This is according to BME senior software developer Nicky Klacar.
“With a mobile phone that connects to the internet, you have the equivalent of a supercomputer in your pocket,” said Klacar. “BME has leveraged this power by developing mobile applications and designing a central data storage repository for information captured by mobile devices out in the field.”
These applications, such as Blastlog, are stepping beyond the pen and paper methods currently common on mine sites – to bring real-time reports and notifications to decision-makers in time to improve their decisions.
“The system allows data to be captured on mobile devices in the field, and to be presented to end-users on a mobile platform that renders the data immediately useful,” she said.
“For instance, a Health, Safety, Environment and Quality (SHEQ) officer with the BlastLog Reporting app on their phone will be immediately notified if an unsafe working practise is reported in the field on the BlastLog app.”
The applications – driven and developed by BME’s dedicated Blasting Science unit – also boost productivity by quickly identifying any issues that could reduce the quality of a blast – in time for corrective action to be taken.
“The planning manager can be alerted by ‘push notifications’ to potential problems out on the block, and can respond immediately to rectify a problem, instead of only learning about a compromised situation after the blast has been conducted,” said Klacar.
“If BME does a boretrack audit to measure the angle and deviation of holes, for example, the results can be reported as soon as they have been uploaded to the cloud.”
Viewing the results immediately on their mobile phones, planning managers can then decide if they need to add more holes in areas with a high toe burden, for example – leading to improved fragmentation and preventing uneven floors on the blast area.
“This means we don’t have to search for reports stored on a hard drive, and then read through them to find the data we are interested in,” she said. “Blastlog Reporter will present the results according to what the user requires, avoiding a deluge of unnecessary information.”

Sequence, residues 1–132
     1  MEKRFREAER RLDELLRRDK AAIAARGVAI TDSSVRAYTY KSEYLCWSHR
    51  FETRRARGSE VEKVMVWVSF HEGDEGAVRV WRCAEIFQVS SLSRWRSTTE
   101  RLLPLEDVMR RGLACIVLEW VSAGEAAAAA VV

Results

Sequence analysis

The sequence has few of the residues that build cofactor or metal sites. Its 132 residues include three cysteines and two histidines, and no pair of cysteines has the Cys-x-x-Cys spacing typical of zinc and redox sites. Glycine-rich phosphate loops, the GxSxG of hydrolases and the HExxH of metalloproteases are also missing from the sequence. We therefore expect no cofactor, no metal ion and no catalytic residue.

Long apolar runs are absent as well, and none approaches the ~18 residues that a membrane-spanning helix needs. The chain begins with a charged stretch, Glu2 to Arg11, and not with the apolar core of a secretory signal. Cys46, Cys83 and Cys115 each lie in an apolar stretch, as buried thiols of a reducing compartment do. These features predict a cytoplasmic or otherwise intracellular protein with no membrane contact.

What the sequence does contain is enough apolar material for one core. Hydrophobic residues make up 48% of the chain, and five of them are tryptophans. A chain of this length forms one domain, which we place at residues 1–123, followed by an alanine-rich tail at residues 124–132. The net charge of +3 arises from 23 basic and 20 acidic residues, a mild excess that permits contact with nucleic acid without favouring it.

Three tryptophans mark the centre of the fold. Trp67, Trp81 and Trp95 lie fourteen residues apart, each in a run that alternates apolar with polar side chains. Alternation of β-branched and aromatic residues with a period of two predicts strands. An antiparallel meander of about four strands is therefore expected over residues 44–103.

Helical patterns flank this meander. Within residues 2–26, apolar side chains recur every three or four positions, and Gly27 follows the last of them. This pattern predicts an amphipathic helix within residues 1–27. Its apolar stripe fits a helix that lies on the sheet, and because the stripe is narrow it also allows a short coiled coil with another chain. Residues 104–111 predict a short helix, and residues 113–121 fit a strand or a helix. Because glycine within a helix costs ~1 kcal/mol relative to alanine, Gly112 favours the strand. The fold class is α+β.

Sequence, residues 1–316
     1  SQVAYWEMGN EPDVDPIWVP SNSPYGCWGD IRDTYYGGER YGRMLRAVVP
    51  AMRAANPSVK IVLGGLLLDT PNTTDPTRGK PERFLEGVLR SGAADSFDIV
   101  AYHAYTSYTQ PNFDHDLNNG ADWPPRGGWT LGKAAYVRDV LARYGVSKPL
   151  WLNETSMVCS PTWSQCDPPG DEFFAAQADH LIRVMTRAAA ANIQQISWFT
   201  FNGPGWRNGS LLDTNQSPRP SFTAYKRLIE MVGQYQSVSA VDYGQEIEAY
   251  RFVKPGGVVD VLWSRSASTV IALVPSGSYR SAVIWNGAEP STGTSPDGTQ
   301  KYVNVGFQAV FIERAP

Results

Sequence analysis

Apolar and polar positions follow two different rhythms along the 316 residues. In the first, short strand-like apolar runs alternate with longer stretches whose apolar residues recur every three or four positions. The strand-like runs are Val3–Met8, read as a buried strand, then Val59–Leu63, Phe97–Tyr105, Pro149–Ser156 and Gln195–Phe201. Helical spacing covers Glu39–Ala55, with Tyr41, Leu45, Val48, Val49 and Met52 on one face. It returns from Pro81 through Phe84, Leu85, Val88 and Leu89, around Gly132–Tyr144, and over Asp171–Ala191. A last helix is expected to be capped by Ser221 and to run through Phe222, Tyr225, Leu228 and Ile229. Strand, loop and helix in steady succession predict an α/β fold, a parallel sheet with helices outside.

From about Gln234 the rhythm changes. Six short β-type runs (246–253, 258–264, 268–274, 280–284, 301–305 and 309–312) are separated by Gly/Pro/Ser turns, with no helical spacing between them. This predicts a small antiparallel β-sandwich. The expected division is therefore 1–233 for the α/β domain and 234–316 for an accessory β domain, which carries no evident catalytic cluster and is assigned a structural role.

An important aspect of the processing power of mobile devices was to highlight any deviations or exceptions in the data – as these would tend to indicate possible problems in processes, production or machinery. The sooner such anomalies could be investigated and addressed, the more likely the operation could be kept running optimally.
Another advantage of mobile applications, she said, was their ease of use by all levels of employees – even those who were not familiar with computers; the widespread use of smart phones and various freely-available mobile applications have paved the way for all mine staff to contribute daily to improved efficiencies.
She also emphasised that the technology could be applied not only in the opencast environment but also underground.
“BME is rolling out the BlastLog Underground app at Gold One’s Modder East gold mine, which is a very progressive and safety-orientated operation,” said Klacar.
“A rugged tablet with our software will eventually be issued to all underground technicians; this will allow all audits, mechanical breakdowns and safety incidents to be recorded electronically, instead of on pen and paper.”
She highlighted how tablets and phones can help monitor various aspects of mining operations – on surface and underground – and improve performance as a result of knowing how well plans were being turned into action.
“Even a simple photograph of a drilled round on a stope face – taken with a tablet underground – can provide valuable data to be measured and analysed as part of continuous improvement practices,” she said.
The BME Blasting Guide is available free from the Google Play Store and the Apple iStore, while the BlastLog app suite and the DensDepth mobile app are only available internally to selected BME customers.